Biological pathways to carbon rich soil, by Dr Christine Jones.

A treasure trove of scientific information from one of the world’s foremost soil scientists was shared recently on a video link from Australia, arranged by Otago University.

Dr Christine Jones, in video and written material, gave us practical insights to the pathways of a carbon rich soil. From the fundamentals of the soil biome, to why mass plantings of Pinus radiata can produce a negative carbon result over the long term.

I know there is too much material here from Dr Jones for a single posting, so be prepared to digest over several sittings. Put aside an evening instead of watching the news on tele. You will be amazed at what you hear and see.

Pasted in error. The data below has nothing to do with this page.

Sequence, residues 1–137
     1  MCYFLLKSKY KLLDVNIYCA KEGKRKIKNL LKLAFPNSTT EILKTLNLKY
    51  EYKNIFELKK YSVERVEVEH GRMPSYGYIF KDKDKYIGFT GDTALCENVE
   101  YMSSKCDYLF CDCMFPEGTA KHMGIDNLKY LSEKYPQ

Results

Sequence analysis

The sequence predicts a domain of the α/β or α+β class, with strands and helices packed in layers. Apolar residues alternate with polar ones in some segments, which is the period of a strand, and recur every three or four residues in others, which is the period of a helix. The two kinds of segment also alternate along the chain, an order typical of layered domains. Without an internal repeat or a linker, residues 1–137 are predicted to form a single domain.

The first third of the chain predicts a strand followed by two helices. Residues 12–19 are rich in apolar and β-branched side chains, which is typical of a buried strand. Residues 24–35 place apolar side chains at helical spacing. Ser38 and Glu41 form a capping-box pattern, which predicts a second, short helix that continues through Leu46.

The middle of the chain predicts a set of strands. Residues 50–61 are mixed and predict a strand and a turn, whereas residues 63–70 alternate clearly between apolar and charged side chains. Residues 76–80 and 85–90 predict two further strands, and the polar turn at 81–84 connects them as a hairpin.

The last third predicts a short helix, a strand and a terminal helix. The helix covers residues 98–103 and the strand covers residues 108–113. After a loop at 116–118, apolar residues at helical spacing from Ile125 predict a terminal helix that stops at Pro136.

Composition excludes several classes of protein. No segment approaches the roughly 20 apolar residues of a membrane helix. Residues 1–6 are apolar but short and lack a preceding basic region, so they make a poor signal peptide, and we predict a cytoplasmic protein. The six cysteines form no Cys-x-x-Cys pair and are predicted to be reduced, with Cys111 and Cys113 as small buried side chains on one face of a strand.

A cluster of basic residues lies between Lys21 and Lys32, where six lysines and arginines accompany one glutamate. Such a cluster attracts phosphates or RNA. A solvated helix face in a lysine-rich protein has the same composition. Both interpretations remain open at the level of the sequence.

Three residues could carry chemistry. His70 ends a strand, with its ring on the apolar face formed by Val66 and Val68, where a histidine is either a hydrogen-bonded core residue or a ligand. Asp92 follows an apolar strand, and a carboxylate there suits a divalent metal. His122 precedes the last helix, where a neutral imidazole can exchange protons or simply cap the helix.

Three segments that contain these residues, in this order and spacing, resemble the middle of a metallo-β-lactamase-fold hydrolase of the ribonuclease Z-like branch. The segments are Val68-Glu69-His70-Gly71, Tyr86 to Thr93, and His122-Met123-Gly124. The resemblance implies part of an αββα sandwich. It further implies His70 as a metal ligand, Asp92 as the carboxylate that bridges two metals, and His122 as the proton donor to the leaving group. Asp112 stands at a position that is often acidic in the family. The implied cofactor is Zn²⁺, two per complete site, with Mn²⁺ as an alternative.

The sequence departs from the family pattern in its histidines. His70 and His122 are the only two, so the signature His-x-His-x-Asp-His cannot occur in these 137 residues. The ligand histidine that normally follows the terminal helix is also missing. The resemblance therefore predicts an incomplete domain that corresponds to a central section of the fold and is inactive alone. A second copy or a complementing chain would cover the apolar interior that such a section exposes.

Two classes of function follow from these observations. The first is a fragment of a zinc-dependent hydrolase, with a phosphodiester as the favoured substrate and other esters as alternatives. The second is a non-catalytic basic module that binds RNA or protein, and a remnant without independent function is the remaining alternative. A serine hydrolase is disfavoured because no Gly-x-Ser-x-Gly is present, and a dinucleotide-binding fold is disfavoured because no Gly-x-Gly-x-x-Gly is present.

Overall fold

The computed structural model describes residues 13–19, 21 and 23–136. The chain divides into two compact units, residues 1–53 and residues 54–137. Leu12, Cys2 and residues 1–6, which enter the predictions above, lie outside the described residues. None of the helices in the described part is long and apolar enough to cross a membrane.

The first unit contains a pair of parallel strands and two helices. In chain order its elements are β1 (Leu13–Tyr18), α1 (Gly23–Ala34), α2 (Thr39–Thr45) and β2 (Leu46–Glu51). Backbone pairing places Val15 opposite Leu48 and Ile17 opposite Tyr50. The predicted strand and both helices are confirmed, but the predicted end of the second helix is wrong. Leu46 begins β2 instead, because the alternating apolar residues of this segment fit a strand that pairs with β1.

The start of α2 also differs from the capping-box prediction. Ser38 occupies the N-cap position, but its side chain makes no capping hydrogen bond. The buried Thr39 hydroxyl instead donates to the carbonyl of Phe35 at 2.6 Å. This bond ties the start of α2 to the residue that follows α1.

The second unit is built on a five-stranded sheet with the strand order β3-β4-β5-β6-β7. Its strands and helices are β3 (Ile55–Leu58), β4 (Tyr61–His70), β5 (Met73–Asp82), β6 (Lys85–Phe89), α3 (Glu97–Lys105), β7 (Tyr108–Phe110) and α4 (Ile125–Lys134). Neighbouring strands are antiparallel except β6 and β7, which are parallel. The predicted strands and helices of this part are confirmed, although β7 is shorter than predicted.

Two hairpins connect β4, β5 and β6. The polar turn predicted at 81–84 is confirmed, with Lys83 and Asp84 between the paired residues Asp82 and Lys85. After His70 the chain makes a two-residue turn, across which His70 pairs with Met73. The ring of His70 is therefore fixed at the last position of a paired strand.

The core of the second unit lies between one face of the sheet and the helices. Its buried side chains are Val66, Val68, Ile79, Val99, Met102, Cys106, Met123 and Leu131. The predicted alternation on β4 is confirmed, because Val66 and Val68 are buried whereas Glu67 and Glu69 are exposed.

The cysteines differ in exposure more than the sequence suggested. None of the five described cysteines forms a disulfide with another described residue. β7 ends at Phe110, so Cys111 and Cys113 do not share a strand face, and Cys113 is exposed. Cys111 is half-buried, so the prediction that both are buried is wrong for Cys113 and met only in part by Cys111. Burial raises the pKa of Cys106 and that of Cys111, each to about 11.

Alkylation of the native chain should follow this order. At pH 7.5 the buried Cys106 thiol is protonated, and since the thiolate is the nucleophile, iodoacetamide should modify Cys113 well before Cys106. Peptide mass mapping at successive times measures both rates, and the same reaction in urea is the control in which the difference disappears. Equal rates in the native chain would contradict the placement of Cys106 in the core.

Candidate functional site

For instance, Dr Jones explains how the subsoil, not the topsoil, from 20 cms below ground down to 1 metre, holds more carbon than the top 20 cms. And the entire world’s soils contain three times the carbon that the vegetation on top of the soil does.

“Soil is by far the largest sink for carbon on planet earth,” according to Dr Jones (abridged).

To view Dr Jones’ video, see here.

To view Dr Jones’ slides, see here.

To view Dr Jones’ written responses to the Q&A, see here.

If you would like to view some more of Dr Jones’ work, see further publications on her website here.

Keep asking great questions …

P.S. Many thanks to Professor Frank Griffin for hosting Dr Jones and making her material available for sharing.